Another incredible Sturgis® Motorcycle Rally™. Seems like it takes forever to get here. Finally the day comes when you hit the road. Then, before you know it, you’re on the road home.
This was my second time attending Sturgis Rally, though I’ve ridden the Black Hills a handful of times. On my solo, no-tunes ride home, I had 10 lonely hours of highway to Minneapolis to ponder why Bike Week means so much.
I came to this conclusion: Sturgis® Rally makes us better.
Rally excites, it heals, and it opens us. Mostly, however, I believe Rally lets us be more of who we really are – our true selves.
How does this happen?
I’ve boiled it down to a combination seven things:
The people, the people! We are all at Rally for the same reason: we love motorcycles and riding. When you get to be surrounded by thousands of people who share your passion, it does something important–it affirms and validates who you are. With only two percent of U.S. population having a motorcycle endorsement, we two-percent find it easy to connect with each other. You know how it goes: “You ride? I ride. Let’s jaw.” The magnitude of our collective is unique. While we all have other important social circles – work, church, sports, etc. – if you get an enormous group of motorcyclists together, you’ve got something powerful. This community enables a freedom within us, to be our selves. And that makes us better.
Friends that become family. Our friends at Rally make us better. New ones, old ones. Friends for 5 minutes on the road. One night at the Iron Horse. One week at a campground. Our friendships come easy and fast, and they tap into the best parts of us that sometimes get overshadowed in our day-to-day grind – our lighthearted, funny, easy-going sides. Our whatever-goes, that’s-cool, fine-by-me sides. Many Rally-goers have been meeting the same friends for decades, and consider each other family. Many people I met both this and last year will be friends that stay with me for a very long time. And the ones that go, those friendships were great while they lasted.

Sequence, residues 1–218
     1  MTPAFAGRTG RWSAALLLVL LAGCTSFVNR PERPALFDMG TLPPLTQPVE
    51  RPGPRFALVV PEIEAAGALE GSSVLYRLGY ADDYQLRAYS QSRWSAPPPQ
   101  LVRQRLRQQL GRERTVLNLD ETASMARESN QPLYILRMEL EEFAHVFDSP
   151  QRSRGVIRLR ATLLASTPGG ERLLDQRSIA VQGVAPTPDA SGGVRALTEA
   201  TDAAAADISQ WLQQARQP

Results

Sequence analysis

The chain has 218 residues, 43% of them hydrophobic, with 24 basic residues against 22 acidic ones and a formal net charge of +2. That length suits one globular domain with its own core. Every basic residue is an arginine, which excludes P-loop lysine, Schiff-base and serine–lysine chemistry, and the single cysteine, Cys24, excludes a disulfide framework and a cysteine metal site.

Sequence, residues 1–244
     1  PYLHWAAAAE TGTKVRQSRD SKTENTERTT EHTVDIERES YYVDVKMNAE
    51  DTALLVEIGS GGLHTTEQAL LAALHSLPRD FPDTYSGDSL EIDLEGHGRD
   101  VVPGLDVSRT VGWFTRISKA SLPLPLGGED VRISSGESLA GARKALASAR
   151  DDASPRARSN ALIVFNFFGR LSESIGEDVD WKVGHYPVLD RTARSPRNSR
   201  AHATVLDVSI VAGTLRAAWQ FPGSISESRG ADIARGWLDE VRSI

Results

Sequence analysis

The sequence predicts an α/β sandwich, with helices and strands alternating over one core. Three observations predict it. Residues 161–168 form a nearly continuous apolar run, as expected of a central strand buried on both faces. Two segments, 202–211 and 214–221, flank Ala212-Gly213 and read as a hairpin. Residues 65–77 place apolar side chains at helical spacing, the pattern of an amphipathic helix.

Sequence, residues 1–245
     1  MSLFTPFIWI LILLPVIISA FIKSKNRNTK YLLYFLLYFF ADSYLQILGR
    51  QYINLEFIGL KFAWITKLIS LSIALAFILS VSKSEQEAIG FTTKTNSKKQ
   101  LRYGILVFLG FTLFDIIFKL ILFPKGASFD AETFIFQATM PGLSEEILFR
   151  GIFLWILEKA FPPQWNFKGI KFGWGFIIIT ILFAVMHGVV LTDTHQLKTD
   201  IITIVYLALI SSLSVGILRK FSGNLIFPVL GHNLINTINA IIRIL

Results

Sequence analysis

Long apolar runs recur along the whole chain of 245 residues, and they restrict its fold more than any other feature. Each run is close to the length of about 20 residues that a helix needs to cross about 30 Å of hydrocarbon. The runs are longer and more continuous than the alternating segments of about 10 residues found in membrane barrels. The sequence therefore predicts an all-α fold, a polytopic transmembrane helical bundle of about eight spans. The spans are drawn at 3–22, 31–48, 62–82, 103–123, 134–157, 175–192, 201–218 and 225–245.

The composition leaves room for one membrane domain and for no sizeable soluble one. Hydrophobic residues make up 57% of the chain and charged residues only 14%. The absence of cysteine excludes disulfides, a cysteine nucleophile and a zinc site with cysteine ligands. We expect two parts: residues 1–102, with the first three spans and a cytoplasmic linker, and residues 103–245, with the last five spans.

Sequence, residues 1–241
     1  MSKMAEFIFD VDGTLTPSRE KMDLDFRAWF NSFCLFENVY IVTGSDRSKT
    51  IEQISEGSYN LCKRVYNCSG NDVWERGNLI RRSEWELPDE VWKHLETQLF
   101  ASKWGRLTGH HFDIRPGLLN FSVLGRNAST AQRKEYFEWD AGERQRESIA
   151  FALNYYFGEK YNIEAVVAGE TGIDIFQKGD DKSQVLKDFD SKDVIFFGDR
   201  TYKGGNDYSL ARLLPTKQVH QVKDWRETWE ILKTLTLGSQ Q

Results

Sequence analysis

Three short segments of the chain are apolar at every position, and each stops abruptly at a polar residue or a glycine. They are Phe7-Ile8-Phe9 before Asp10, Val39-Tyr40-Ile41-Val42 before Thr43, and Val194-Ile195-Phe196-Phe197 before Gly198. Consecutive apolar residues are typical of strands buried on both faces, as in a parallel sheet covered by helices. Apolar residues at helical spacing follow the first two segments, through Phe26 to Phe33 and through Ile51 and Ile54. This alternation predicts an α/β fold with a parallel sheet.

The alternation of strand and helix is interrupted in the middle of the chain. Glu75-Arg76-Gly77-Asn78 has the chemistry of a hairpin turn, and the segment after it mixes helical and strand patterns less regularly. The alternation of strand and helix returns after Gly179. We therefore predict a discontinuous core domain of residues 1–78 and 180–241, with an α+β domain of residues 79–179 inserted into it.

Riding the Hills. For those who have ridden the Black Hills, you know what it means to ride Vanocker Canyon, Needles, Spearfish Canyon, Iron Mountain. It’s riding you can’t find anywhere else. Period. And when you get to ride it again and again, you are riding roads that feel like home. Riding the Hills offers certainty and continuity, and in so experiencing that, we achieve a greater certainty and continuity within our selves and each other.
The places, feel like home. Many Rally-goers have their must-visit spots scattered throughout the Black Hills, and their favorite places on Sturgis Main Street. In my second year, I was able to revisit places I fell in love with last year, and like the roads I ride, it’s a homecoming. When I listen to music at the Loud American, sit under the camouflage netting at the Stone House or drink a beer by the creek at the Boar’s Nest, I feel complete.
The events – ridiculously fun and inspiring, all at once. There are so many events going on at any given time, hard to make them all. The organized rides blow my mind. There’s something so incredible about riding feet up in a huge group of motorcycles through the Black Hills, behind dignitaries and other VIPs. It’s a powerful display of solidarity and community and feels especially gratifying with proceeds going to those who need it most.